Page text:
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“Increase engagement” is the cry! But we can’t always say higher engagement is a good thing — and that goes for any social platform or blog.

Top engaging posts are generally the ones you want to replicate and optimize. But – and yes, there is a but — when that engagement is actually negative, then you have an issue. Sure, this is an opportunity to provide service to these people, but you need to also focus on the issues causing this behavior. And more likely than not, this is a business issue, not one that started online on social. If every time you post about a product and people use it as a forum to post negative commentary about that product, then perhaps you should look at the product one more time. Or if you post a promotion and people use that as an opportunity to comment about your privacy policy, then it’s time to revisit your policies.

Marketers are under a lot of pressure to boost engagement metrics. As social platforms increase the number of native ads, impressions become the currency. As a marketer, your mission will be to get the farthest reach possible on your content. Increased engagement is one way to game the system (without paying) because the algorithms often favor content that is getting engagement. But if the content is only working because the audience has something negative to say, it’s time to slow down.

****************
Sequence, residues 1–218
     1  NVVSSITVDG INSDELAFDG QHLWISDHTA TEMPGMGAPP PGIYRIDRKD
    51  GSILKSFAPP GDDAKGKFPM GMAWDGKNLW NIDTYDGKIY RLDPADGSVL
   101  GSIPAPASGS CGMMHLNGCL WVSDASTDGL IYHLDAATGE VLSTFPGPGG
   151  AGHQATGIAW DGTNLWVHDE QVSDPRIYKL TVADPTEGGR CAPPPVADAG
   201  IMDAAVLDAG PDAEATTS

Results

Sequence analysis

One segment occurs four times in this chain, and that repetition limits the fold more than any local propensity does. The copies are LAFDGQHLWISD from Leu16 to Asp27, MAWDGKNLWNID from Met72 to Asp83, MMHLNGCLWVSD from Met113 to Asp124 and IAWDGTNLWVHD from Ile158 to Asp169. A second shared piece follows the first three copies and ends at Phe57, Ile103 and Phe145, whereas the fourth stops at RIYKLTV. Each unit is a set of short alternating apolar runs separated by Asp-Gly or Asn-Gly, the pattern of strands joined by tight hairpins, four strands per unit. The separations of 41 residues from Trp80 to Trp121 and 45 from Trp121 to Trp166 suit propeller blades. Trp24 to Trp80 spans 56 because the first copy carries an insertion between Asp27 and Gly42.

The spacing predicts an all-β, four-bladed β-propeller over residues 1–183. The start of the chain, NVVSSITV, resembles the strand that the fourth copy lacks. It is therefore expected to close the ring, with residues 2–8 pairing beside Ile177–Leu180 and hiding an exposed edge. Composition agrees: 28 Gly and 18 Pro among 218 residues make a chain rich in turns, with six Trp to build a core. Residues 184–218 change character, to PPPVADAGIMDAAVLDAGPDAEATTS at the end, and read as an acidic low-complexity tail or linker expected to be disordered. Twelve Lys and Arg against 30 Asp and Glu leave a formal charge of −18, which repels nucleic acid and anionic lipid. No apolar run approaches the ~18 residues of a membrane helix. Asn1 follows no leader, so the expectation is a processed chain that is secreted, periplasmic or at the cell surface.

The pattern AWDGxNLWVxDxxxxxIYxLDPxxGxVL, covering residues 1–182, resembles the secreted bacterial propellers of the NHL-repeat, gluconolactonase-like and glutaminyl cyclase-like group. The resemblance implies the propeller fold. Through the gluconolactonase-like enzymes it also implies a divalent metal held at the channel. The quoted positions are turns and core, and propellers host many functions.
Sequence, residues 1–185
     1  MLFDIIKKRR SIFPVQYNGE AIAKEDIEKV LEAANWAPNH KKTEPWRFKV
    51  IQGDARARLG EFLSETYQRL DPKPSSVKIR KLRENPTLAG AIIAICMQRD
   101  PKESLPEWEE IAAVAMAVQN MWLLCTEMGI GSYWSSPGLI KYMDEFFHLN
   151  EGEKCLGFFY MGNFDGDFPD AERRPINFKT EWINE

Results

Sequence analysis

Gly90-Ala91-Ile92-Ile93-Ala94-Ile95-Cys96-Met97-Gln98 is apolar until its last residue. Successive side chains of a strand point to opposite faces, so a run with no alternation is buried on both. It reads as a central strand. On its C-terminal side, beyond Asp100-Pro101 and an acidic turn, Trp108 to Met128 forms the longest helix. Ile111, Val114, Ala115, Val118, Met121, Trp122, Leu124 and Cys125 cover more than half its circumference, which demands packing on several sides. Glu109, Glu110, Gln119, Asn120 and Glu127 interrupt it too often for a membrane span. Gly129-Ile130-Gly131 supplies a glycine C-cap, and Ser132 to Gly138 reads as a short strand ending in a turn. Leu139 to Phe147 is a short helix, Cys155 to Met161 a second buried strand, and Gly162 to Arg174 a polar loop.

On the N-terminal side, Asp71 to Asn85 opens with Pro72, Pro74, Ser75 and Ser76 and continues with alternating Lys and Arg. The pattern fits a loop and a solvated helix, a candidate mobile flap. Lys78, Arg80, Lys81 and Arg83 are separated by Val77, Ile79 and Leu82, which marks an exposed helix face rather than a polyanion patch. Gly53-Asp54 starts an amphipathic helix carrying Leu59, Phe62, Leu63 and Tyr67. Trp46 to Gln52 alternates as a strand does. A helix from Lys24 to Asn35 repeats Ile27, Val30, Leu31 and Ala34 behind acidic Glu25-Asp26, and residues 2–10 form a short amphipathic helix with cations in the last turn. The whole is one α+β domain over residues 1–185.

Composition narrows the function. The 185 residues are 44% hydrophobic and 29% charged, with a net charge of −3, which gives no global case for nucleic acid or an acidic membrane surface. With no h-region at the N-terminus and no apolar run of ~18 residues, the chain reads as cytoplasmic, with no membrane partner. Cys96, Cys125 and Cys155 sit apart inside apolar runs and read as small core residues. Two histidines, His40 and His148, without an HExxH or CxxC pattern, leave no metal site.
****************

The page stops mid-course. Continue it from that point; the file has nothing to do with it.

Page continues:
At the recent Engage 2013 conference, Sam Wilson from Woolworths shared a story about a social media post that created so much uproar, the company needed to shut its Facebook page down for a week. The company took a step back, reset its community, and told its audience where it stood. The audience was allowed to blow off steam about the issue (which, by the way, was a political issue), before being reengaged.

Without qualifying the engagement, that post – with the hundreds of comments that it had – might have been considered a success. But just looking at the numbers doesn’t tell you the whole story.

You need to know what your audience is thinking and feeling. You need to know if your fans or followers are your customers. You need to know if the people liking your content are your employees or your customers. Qualifying the actions that occur with your content will tell you if your content is really working. It will also tell you if have a wrench in the system somewhere else. Actually listening to your audience gives you insight on whether your business is doing well and if your brand is healthy.

The numbers alone might be telling you the wrong story. If you understand the people in your audience, you can make better content decisions. Take a moment and qualify your data. Ensure that the content you’re working so hard to create is actually working for your intended target.

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